Reshaping ‘Tigerland’ for women’s football and the community

Published: 18 May 2022

People walking into a busy football stadium

Richmond’s spiritual home at Punt Road Oval is to be transformed into a centre for the community and a base for its AFLW team.

The Tigers joined the AFLW competition in 2020 and made Punt Road Oval their permanent home ground in the 2021 season. The ground also hosts VFL matches and is the training centre for Richmond’s four teams, including its wheelchair football team.

Now, a $65 million redevelopment will ensure the women’s and men’s teams have access to equally impressive training facilities. A new Jack Dyer Stand will house change rooms suitable for the AFLW, plus a high-performance centre for all players.

“Women’s football will benefit enormously from our redevelopment,” said Richmond Football Club Chief Executive Officer Brendon Gale.

There will also be new spaces for Richmond’s community program partners. That includes Aboriginal and Torres Strait Islander youth leadership and education programs, and a talent program for Muslim junior players.

Final approval on the Punt Road Oval project is expected soon. Construction is due to start later this year and will be completed in stages from early 2024.

Roaring into the future

The redevelopment builds on the club’s long history at the site - Richmond Football Club has played at Punt Road Oval since 1885.

On top of new home change rooms, the Jack Dyer Stand will have aquatic recovery facilities and change rooms for umpires and visiting teams. New grandstand seating and other match day facilities will create the perfect experience for fans attending games at the venue.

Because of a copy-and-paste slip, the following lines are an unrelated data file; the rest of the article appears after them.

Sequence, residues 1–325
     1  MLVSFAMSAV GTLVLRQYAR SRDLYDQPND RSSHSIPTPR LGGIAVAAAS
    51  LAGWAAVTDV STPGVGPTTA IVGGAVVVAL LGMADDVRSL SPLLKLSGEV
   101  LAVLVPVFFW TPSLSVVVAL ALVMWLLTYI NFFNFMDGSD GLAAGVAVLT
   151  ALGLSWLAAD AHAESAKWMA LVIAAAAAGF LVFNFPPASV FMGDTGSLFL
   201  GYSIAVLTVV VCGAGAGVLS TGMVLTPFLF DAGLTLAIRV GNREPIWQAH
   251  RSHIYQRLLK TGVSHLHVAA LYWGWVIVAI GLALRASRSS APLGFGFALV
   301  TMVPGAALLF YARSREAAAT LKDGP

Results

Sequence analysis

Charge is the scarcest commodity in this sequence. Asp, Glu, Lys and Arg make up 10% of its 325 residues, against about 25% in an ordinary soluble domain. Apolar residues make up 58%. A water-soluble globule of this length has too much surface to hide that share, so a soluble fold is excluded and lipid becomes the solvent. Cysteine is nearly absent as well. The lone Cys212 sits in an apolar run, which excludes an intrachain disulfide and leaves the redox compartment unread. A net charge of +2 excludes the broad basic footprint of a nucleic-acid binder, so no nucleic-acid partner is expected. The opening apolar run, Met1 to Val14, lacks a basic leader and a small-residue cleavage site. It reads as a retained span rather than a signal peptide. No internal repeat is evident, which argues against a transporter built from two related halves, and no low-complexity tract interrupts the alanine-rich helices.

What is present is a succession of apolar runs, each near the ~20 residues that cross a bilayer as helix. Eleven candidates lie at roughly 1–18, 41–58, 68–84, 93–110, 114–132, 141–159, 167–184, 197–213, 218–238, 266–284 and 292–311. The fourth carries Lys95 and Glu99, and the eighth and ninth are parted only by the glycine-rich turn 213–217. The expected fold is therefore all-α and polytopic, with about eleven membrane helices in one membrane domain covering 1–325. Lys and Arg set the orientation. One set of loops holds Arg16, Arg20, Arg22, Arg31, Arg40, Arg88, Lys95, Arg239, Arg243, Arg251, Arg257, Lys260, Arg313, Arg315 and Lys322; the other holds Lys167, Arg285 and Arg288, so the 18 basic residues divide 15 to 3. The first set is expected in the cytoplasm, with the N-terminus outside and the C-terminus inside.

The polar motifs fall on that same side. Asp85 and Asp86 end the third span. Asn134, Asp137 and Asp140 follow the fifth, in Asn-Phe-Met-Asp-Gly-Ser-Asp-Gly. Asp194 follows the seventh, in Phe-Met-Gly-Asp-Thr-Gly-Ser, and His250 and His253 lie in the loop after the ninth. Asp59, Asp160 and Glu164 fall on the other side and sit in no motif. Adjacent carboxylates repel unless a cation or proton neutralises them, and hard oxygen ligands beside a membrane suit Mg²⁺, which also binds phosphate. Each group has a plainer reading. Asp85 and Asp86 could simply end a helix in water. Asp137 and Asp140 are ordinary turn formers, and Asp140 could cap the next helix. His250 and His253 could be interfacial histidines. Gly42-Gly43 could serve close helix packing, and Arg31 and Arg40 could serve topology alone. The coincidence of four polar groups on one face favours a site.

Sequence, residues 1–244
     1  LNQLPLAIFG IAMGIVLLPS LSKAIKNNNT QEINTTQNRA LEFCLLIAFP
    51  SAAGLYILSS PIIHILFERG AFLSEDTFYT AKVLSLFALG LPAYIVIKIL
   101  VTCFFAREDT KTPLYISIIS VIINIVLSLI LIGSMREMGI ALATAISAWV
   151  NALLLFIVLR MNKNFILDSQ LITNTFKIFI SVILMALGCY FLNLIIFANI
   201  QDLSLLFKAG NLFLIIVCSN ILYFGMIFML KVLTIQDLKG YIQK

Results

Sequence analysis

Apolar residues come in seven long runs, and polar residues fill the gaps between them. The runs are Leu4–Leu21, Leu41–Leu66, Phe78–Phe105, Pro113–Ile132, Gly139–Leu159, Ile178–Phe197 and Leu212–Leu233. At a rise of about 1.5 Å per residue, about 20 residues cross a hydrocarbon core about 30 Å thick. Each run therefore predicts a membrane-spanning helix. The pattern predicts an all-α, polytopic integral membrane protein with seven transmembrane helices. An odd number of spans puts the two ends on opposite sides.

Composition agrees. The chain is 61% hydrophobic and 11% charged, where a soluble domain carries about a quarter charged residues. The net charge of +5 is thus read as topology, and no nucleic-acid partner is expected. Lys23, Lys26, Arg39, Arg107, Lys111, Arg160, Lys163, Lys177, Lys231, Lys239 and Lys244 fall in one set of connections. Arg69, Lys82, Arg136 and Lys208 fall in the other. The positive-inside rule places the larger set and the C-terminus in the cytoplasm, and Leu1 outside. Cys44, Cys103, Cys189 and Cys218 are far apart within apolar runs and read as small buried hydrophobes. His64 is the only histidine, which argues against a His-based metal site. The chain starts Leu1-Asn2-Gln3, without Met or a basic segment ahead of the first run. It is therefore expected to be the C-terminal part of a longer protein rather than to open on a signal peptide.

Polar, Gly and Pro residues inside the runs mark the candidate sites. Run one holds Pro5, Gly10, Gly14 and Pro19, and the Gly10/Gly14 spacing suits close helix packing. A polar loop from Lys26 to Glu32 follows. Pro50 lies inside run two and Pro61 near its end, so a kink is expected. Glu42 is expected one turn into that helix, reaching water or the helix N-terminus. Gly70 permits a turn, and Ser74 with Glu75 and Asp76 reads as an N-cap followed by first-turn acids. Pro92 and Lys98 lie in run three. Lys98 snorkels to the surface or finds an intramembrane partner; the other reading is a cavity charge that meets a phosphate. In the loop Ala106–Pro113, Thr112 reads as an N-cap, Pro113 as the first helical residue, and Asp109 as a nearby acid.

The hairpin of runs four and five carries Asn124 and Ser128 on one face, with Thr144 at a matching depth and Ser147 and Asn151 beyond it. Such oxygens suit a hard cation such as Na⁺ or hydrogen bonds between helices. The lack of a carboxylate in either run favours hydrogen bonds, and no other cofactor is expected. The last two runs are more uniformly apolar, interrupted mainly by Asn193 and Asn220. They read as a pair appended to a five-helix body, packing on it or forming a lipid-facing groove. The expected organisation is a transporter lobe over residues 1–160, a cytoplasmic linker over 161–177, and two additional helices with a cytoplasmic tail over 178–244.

“The historical significance of Richmond Football Club being in Richmond cannot be understated,” said Mr Gale.

“This redevelopment will ensure we are a part of one of the world’s great sporting precincts, long into the future.”

More for the community

Punt Road Oval has hosted community programs since 2011 when the Korin Gamadji Institute was created in partnership with Richmond. The institute runs leadership and sport programs for Aboriginal and Torres Strait Islander youth.

The Melbourne Indigenous Transition School is also based at Punt Road Oval. It offers away-from-home schooling for Aboriginal and Torres Strait Islander youth from remote and regional Victoria and the Northern Territory.

Meanwhile, former Richmond premiership star Bachar Houli has established the Bachar Houli Academy at Punt Road. It delivers a high-performance football talent program for young Muslim footballers.

“Punt Road Oval is a venue that connects the community, and our community programming works to empower Aboriginal and Torres Strait Islander and Islamic youth,” said Mr Gale.

“Winning football games is always the priority, but our purpose as a club is much broader than that. This redevelopment will allow us to live that purpose to the benefit of the broader community.”

The Victorian Government and Federal Government are each contributing $15 million to the redevelopment. Funding is also provided by the Richmond Football Club.

Page last updated 24 Jun 2022
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